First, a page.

Padfield has become the county’s first total place 20mph zone in a pilot which local councillors claim could bring many benefits to the community.
Welcoming the implementation of this reduced speed zone areas County Councillor Damien Greenhalgh said: “We’ve all been working with communities and Derbyshire County Council on introducing 20mph zones in Glossopdale for some time, so it’s great to finally see the 20mph signage going up all over Padfield.”
Adding “Some of the many recorded benefits of these zones include improved air quality, noise reduction and the community having a greater sense of ownership of their streets – not to mention the potential reduction in the severity and number of accidents and collisions.”
Cty Cllr Damien Greenhalgh and Cllr Nick Longos delighted to see the newly minted 20mph signs in Padfield go up.
The pilot involves just the appropriate signs and road markings being installed, as opposed to physical traffic calming measures such as humps or tabled junctions which have been feature of past 20mph zones such as those in operation over the border in Broadbottom, Tameside.
“This pilot will involve measuring a broad range of factors to see what benefits have been achieved. If it proves as successful as the national evidence suggests it might be, then further investment could be made available for more schemes across Derbyshire.” said Cty Cllr Ellie Wilcox.
New High Peak Borough Council ward councillor Nick Longos added “This is great news. I’ve not long been the borough councillor for Padfield but the community’s desire for 20mph has been very hard to ignore. You only have to have a walk around the village and see the number of “20 is plenty” stickers on the sides of everyone’s wheelie bins and in gardens.”
Plans of the village wide 20mph zone introduced in Padfield, Derbyshire. [Derbyshire County Council – © Crown Copyright]
Glossopdale’s three County Councillors held the first three of their consultative surgeries on the future of Glossopdale Learning Library on Monday of this week.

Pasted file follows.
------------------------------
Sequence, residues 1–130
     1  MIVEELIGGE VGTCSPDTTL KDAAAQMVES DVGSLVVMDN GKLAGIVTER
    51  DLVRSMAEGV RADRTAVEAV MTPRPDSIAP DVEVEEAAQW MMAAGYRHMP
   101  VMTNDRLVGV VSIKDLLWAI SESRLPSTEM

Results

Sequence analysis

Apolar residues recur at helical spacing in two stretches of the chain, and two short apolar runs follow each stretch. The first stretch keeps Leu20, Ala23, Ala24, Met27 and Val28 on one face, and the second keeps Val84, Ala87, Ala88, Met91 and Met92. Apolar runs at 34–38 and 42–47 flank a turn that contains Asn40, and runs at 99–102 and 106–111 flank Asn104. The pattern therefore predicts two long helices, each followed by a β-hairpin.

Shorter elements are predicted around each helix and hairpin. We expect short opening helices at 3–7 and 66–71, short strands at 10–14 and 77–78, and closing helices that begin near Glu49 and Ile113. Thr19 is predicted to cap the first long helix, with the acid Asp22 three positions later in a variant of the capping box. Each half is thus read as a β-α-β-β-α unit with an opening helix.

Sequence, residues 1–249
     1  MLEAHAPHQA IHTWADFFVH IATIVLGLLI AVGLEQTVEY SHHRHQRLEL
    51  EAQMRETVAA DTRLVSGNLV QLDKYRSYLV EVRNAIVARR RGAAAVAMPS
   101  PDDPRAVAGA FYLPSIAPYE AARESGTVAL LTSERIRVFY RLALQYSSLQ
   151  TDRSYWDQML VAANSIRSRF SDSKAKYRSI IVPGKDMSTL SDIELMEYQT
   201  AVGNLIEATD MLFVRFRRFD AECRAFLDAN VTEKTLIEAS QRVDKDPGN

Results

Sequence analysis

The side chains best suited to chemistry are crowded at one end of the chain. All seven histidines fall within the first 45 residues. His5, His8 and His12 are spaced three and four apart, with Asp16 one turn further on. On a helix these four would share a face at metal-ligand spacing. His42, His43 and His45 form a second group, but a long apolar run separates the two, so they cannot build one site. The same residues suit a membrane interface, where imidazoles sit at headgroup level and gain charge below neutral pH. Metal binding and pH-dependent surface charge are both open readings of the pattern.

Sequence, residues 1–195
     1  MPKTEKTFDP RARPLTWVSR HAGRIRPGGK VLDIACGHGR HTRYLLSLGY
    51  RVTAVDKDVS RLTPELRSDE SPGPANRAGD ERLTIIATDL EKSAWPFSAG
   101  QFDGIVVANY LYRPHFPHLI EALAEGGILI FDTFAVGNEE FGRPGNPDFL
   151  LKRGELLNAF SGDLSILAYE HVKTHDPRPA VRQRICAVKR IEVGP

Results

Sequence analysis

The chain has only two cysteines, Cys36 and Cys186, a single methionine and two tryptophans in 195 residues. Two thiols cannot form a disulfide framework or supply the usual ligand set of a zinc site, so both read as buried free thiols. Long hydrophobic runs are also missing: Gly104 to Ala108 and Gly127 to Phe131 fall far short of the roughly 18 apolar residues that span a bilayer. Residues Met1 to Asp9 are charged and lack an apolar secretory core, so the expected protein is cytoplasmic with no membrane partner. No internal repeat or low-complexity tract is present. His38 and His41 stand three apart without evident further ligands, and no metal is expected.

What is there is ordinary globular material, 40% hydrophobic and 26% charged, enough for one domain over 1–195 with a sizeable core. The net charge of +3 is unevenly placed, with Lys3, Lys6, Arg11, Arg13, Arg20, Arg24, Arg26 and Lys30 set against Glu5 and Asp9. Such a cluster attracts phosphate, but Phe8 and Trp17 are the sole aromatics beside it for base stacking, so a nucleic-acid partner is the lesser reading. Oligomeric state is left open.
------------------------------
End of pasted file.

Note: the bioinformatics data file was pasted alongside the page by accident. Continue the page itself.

According to Councillor Damien Greenhalgh the exercise was positive and the public were able to express their views and concerns
“We realise that this second round of surgeries were called at short notice and that some people may not have been able to attend.” he said. “However, on balance the comments we received were positive and people seemed to understand the reality of the situation and encouraging about the idea of locating the adult education and library services on a common campus and particularly in a single building with a common reception area for instance.”
There were some questions raised to which answers are needed, they include:
- What has the cost of scaffolding been during the repair and investigatory period, effectively between the erection of the scaffolding and its removal?
- Would a new proposal of a learning library mean greater utilization of the adult education part of the building in future compared with today?
- Were there plans to better use parking facilities on the site to mitigate the impact of congestion on the immediate areas surrounding the library?
- What were the possibilities for the land opposite the library to be used as additional parking space?
County Councillor Dave Wilcox said “These are legitimate questions requiring answers, which we are undertaking to get addressed.”
In terms of the options on offer from the County Council for the future of library services, the preference was for the option where the library is sympathetically attached to the present adult education centre.
“We realise that there are three further consultative surgeries to be held at the Library on Saturday at 10.00, 11.00 and 12.00 noon” added Cllr Ellie Wilcox “and that the views expressed there may be different than those which have been put so far. So we’d encourage people to attend whatever their views maybe or simply if they want to learn more about the proposals.”